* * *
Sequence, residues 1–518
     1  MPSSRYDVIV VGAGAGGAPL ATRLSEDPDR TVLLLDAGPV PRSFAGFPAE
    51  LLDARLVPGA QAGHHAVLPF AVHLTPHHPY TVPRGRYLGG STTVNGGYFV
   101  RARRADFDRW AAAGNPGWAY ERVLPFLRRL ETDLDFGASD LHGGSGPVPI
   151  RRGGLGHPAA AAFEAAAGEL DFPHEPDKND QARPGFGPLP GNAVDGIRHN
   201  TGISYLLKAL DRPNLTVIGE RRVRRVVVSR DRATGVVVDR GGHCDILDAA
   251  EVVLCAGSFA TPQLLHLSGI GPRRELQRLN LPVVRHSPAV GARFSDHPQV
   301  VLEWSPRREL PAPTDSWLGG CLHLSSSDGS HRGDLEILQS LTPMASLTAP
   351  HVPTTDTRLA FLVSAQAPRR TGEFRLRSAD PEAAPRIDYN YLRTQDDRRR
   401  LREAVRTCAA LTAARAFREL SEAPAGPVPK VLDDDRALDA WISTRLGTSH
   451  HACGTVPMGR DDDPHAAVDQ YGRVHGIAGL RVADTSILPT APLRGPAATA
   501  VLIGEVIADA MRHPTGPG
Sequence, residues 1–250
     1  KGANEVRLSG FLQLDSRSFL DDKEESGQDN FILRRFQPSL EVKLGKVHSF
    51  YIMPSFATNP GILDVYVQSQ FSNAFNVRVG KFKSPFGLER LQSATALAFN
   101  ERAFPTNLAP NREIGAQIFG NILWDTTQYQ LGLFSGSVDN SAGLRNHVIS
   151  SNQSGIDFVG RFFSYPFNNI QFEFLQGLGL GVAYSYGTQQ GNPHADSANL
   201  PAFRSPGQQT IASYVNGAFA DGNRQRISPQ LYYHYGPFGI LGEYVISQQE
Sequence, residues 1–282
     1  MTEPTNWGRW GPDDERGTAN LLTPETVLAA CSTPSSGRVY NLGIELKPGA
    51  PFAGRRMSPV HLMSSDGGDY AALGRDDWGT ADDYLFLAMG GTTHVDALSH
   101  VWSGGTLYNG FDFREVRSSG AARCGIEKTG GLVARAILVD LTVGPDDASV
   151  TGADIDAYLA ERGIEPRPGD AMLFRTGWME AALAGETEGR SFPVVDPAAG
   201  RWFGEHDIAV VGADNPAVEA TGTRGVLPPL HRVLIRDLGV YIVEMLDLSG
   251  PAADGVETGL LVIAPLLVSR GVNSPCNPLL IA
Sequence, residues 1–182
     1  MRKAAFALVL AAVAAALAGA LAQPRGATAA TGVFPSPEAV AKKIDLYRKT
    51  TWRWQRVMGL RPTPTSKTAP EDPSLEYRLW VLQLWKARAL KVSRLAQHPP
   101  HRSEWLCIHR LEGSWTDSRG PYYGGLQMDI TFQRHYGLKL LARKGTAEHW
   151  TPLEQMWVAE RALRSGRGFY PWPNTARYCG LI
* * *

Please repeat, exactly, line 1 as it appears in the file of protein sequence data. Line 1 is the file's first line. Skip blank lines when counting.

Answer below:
Sequence, residues 1–518